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Composite materials used on Aircraft wings

1. Introduction
The design of an aircraft must take in consideration a multitude
of factors such as efficiency, comfort, safety and reliability.
However, the importance placed of each of these aspects entirely
depends on the type of the aircraft being designed which can
vary from fighter jets to commercial airplanes.
As a result, the design of the aircraft has to meet specific
requirements which influence the complexity of its structure and
the materials used in its construction. A wide range of
materials may be used in the design of the aircraft to make use
of properties such as strength, elasticity, specific weight and
corrosion resistance.
Mechanical properties of some common fibers used to reinforce
polymer composites:
Tensile Modulus
Tensile Strength Elongation Density
Fiber (Young's Modulus)
(MPa) (103 psi) (GPa) (106 psi) (kg/m3) (lb/in3)
E-Glass 3500 510 72.5 10.5 4.9 2630 0.095
S-Glass 4600 670 88 12.8 5.5 2490 0.09
AS-4 PAN-Based Carbon 4000 578 245 35.5 1.6 1800 0.065
IM-7 PAN-Based Carbon 4900 710 317 46 1.7 1744 0.063
P120 Pitch-Based
2250 325 827 120 0.27 2187 0.079
Alumina/Silica 1950 280 297 43 3280 0.12
Kevlar 29 2860 410 64 9.3 1440 0.052
Kevlar 49 3650 530 124 18 2.5 1440 0.052
Boron 3620 525 400 58 1 2574 0.093
 E-glass - A low alkali borosilicate glass with good electrical
and mechanical properties and good chemical resistance. The
most widely used in fibers for reinforcing plastics.
 S-Glass is a stiffer/stronger version of E-glass which is also
used in polymer matrix composites. S-Glass is generally used
for polymer matrix composites that require improved mechanical
properties compared to E-glass based composites.
 PAN-Based Carbon fibers are made of polyacrylonitrile (PAN).
Carbon fibers are high-strength and high-
stiffness materials used in advanced constructions like
military aircrafts etc.
 Alumina/Silica or trademark Saffil is produced as a fiber and
was developed for thermal insulation at higher temperatures.
 Kevlar 29 is used in industrial applications such as cables,
asbestos replacement, brake linings, and body armor.
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 Kevlar 49 is considered to have the greatest tensile strength

of all the aramids, and is used in applications such as
plastic reinforcement for boat hulls, airplanes, and bikes.

2. Why composite materials?

Composite materials are used more and more for primary

structures in commercial, industrial, aerospace, marine and
recreational structures. Composite materials consist of a
fibrous reinforcements bonded together with a matrix material.

Advanced composites do not corrode like metals – the

combination of corrosion and fatigue cracking is a significant
problem for Aluminum commercial fuselage structure.
Composites today have a wide array of benefits in the
aerospace and defense industry. Resulting fuel efficiency gained
by an aircraft is becoming increasingly important with today’s
soaring fuel prices.
Other positive attributes include excellent fatigue and
corrosion resistance and good impact resistance.
 The demands on material performance are so great and
diverse that no one material is able to satisfy them, e.g.,
lightweight yet strong and stiff structures.
 Composite material systems result in a performance
unattainable by the individual constituents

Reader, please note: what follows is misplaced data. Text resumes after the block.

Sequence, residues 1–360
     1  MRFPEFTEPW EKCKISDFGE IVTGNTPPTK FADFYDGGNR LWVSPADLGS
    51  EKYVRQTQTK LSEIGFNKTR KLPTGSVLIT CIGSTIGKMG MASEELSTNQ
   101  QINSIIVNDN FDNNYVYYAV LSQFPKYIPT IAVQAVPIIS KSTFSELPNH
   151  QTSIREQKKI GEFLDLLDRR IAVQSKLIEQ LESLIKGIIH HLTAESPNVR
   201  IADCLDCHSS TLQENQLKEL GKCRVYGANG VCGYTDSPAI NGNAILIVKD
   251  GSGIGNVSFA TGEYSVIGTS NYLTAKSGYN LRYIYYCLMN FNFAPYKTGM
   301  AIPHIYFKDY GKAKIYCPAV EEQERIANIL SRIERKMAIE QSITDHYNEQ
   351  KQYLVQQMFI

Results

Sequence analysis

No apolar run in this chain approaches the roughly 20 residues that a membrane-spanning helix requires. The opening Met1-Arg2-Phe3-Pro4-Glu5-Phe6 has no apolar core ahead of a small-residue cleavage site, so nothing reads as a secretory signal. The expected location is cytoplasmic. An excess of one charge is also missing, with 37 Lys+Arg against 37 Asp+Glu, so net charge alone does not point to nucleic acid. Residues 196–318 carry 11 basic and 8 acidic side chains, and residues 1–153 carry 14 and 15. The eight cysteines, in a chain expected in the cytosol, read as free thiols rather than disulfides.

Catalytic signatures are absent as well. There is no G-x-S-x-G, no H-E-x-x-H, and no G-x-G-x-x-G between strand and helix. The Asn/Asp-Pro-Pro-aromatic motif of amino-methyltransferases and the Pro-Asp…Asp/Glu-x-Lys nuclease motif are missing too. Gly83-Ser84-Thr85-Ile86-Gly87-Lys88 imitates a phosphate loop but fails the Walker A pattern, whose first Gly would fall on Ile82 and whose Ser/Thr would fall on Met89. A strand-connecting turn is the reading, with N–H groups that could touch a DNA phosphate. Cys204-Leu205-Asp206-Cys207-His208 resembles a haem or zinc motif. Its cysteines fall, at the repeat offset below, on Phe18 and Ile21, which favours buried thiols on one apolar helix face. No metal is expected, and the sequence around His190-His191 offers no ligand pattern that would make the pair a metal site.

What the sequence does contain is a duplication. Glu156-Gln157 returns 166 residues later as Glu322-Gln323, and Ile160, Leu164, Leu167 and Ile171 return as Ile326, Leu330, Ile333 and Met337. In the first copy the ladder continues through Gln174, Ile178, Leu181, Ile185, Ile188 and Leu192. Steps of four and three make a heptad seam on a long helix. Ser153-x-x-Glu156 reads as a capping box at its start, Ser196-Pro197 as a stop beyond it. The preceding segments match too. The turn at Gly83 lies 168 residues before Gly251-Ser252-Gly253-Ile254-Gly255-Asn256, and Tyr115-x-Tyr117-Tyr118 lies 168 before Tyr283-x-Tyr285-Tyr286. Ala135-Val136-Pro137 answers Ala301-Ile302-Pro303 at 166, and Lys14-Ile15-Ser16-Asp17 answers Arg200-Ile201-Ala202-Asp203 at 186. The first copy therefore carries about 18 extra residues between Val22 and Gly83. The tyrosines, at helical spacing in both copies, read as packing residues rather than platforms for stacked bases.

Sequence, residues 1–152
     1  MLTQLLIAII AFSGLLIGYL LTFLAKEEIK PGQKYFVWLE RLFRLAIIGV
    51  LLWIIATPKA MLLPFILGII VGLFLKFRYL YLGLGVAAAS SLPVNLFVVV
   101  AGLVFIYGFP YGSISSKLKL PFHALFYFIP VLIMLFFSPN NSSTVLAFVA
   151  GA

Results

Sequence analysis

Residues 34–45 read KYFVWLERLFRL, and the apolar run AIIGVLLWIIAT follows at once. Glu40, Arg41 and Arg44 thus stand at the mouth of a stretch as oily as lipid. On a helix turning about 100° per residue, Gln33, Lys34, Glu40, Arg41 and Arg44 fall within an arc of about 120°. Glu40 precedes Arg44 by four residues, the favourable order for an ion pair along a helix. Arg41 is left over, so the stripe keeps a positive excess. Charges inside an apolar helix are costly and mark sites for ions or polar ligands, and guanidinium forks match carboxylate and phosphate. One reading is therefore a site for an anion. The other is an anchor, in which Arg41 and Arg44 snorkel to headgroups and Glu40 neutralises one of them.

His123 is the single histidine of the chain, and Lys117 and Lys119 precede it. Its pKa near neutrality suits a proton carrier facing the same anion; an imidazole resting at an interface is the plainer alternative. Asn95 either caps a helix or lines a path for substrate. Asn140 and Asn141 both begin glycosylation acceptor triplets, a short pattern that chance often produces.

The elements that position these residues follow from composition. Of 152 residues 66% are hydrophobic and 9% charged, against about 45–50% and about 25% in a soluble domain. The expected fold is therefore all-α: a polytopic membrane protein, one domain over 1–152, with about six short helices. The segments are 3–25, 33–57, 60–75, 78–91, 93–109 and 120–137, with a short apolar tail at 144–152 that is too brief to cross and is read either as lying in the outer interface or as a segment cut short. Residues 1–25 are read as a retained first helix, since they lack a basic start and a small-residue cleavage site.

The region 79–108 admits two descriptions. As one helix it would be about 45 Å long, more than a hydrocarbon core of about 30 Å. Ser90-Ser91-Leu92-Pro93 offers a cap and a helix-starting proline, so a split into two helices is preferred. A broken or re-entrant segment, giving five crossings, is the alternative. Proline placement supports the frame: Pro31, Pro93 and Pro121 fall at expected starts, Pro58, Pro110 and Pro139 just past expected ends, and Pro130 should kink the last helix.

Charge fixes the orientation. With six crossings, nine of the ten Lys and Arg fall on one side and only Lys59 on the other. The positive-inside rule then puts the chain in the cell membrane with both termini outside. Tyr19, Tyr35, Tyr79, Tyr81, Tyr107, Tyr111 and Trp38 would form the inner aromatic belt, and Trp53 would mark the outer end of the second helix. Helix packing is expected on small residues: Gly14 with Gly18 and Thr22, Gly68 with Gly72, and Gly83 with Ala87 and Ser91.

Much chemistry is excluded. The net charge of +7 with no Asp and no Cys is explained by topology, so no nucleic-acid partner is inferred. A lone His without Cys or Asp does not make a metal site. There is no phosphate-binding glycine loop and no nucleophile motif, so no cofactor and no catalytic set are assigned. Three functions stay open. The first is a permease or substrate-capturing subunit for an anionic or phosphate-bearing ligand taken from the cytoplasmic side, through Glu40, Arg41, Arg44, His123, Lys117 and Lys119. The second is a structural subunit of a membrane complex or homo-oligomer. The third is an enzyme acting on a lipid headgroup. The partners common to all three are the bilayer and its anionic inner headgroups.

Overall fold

 Composite materials offer the advantage of a flexible
design that can be tailored to the design requirements.
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Fig. 2.2 Comparison of composite aileron to aluminum counterpart

3. The Wings of a Modern Aircraft

The wings of a modern aircraft can be designed as a combination
of different types of materials, depending on their specific
structural function. The structure of the wing of an aircraft is
comprised of several different elements, namely spars, skin and
ribs, as well as control surfaces, such as ailerons and flaps.
The A380 is the first aircraft ever that boasts a CFRP (Carbon
Fiber Reinforced polymer /Plastic) composite central wing box,
representing a weight saving of up to one and a half tones
compared to the most advanced aluminum alloys.
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Carbon fiber reinforced polymer

CFRP is a composite material made of a polymer matrix

reinforced with fibers. The fibers are usually glass
(in fiberglass), carbon (in carbon-fiber-reinforced
polymer), aramid, or basalt. Rarely, other fibers such as paper,
wood, or asbestos have been used. The polymer is usually
an epoxy, or polyester thermosetting plastic, though phenol
formaldehyde resins are still in use.
FRP composite materials possess superior mechanical properties
 Impact resistance
 Strength
 Stiffness
 Flexibility
 Ability to carry loads

787 Dream-liner Wing leading edge slats and trailing edge flaps
are also made of carbon fiber laminate materials. The wing of
Boeing 787 is a mono-block two-spar wing designed within the
multi rib structural layout. The top and bottom panels with I-
shaped cross-section stringers and spars are made of composite
materials by autoclave molding process.
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Wingbox root section of Boeing 787 Dreamliner

On aircraft with stresses-skin wing section, honeycomb

structures wing panels are often used. Panels formed like this
are lightweight and very strong. They have a variety of use on
the aircraft, such as floor panels, bulkheads, and control
surfaces, as well as wing skin panels. The honeycomb core is
made of an armid fiber and the outer sheets are coated phenolic
is common use.

Wing construction with sandwich panels

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An aileron of aircraft can be made of carbon epoxy fiber matrix

unidirectional laminated panels.

Comparison of composite aileron to Aluminum counterpart

Composite Spar
The continued development of composites has lead to the creation
of a material which incorporates both Aluminum and composite.
This material would be ideal for the use in aircraft wings due
to several properties in which it possesses. The main one being
that it is virtually fully resistant to metal fatigue. Metal